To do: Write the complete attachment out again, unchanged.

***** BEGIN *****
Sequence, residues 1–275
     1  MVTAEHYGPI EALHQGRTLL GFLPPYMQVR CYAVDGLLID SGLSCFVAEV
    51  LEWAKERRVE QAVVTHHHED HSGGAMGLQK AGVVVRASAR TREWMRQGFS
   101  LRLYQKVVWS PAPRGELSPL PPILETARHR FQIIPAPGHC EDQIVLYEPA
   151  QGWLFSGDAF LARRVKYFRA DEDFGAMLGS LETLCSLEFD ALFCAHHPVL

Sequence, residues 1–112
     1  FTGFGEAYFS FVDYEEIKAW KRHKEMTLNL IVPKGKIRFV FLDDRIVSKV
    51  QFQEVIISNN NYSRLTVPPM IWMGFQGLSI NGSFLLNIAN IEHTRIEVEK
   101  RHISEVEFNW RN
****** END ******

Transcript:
Sequence, residues 1–275
     1  MVTAEHYGPI EALHQGRTLL GFLPPYMQVR CYAVDGLLID SGLSCFVAEV
    51  LEWAKERRVE QAVVTHHHED HSGGAMGLQK AGVVVRASAR TREWMRQGFS
   101  LRLYQKVVWS PAPRGELSPL PPILETARHR FQIIPAPGHC EDQIVLYEPA
   151  QGWLFSGDAF LARRVKYFRA DEDFGAMLGS LETLCSLEFD ALFCAHHPVL

Sequence, residues 1–112
     1  FTGFGEAYFS FVDYEEIKAW KRHKEMTLNL IVPKGKIRFV FLDDRIVSKV
    51  QFQEVIISNN NYSRLTVPPM IWMGFQGLSI NGSFLLNIAN IEHTRIEVEK
   101  RHISEVEFNW RN